When progress claims are duly and properly certified, then there is no issue about the value of works done in a construction contract. The problem arises when progress claims are not duly and properly certified. How does a contractor go about claiming for the uncertified portion of work done, whether in CIPAA or by way of arbitration/litigation?
In Brunsfield Construction Sdn Bhd v LDE Aluminium Industries Sdn Bhd  6 MLJ 674, LDE sued Brunsfield for uncertified sums under its progress claim no 27 (“PC 27”). Brunsfield, in defence, contended that PC 27 in and of its own was insufficient to prove the sum due and payable to LDE.
At the High Court, the learned High Court judge allowed LDE’s claim with interest. According to the learned High Court judge, Brunsfield’s failure to object to PC 27 and/or reply to letters from LDE meant that Brunsfield was estopped from disputing the contents of PC 27 at trial.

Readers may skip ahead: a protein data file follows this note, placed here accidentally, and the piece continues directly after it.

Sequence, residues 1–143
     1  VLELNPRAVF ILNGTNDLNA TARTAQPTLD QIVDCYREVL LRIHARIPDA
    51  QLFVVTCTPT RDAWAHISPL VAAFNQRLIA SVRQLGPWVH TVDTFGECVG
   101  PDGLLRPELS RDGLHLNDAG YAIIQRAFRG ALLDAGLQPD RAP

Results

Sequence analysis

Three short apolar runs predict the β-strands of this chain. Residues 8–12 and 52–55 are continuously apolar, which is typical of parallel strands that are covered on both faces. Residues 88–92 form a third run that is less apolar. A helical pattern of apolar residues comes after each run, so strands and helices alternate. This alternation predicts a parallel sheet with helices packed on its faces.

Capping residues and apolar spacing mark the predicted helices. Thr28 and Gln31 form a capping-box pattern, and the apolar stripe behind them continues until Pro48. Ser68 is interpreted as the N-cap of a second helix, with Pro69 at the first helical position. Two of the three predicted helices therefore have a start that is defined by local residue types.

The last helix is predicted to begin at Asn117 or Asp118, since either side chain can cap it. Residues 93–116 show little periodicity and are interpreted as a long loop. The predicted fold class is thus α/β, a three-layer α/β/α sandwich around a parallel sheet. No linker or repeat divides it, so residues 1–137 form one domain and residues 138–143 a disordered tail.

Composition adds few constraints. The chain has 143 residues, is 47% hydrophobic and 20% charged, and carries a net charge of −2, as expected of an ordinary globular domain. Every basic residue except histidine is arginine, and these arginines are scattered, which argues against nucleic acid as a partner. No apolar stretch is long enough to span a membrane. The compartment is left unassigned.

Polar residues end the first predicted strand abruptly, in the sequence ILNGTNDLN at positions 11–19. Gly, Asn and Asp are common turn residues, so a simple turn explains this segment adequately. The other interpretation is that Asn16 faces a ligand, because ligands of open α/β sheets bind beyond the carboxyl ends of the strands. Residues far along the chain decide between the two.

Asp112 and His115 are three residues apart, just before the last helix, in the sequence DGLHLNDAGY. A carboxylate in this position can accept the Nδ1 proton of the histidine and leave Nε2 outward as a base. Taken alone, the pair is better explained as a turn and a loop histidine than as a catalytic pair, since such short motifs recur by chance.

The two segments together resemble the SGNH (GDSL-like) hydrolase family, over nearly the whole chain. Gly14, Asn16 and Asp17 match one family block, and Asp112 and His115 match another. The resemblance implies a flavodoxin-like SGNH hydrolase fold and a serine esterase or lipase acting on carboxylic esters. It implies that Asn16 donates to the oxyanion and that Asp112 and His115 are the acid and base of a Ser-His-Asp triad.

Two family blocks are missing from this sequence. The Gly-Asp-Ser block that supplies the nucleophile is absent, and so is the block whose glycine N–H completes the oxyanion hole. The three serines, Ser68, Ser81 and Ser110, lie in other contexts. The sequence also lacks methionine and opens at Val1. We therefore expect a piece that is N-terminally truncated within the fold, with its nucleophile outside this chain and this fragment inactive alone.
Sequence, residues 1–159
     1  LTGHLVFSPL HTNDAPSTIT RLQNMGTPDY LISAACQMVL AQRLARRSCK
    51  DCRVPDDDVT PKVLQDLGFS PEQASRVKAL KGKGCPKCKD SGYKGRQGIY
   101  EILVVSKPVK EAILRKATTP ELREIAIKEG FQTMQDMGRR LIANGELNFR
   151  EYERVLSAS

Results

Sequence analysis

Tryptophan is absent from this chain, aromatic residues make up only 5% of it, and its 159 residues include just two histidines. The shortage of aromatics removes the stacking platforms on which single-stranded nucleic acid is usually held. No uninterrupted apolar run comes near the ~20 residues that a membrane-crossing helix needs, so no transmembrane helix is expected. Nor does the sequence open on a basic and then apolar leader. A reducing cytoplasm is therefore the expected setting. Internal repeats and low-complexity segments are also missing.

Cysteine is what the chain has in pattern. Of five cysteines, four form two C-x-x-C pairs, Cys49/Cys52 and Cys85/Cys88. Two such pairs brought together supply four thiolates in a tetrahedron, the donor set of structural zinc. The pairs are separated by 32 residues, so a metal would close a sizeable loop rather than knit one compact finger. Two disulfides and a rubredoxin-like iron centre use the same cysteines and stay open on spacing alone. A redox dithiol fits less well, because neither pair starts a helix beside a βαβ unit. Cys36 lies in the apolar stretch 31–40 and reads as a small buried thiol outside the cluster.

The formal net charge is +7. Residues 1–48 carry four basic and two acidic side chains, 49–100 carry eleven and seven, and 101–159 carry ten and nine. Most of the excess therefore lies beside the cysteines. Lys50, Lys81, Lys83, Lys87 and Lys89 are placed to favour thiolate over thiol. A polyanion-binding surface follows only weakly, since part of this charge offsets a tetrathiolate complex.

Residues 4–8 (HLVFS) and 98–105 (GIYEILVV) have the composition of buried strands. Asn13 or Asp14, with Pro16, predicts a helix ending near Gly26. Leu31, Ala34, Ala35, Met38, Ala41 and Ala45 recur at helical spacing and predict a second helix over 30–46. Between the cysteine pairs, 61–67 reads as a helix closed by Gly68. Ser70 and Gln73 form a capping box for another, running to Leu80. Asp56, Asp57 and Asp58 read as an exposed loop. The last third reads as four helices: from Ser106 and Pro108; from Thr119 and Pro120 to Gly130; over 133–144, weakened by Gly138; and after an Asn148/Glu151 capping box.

Dissatisfied, Brunsfield appealed. The Court of Appeal allowed Brunsfield’s appeal and held that PC 27 in and of itself cannot be proof of actual work done or materials supplied on site. Instead, LDE had to prove the detailed make-up of PC 27.
In other words, each and every line item in PC 27 must be substantiated, all the more so in the absence of joint inspection and/or certification. A progress claim is “far from sufficient to prove the respondent’s claim”.
Kheng Hoe Advocates advises clients in arbitration, litigation, mediation and adjudication (CIPAA) of construction disputes. We can be reached at [email protected].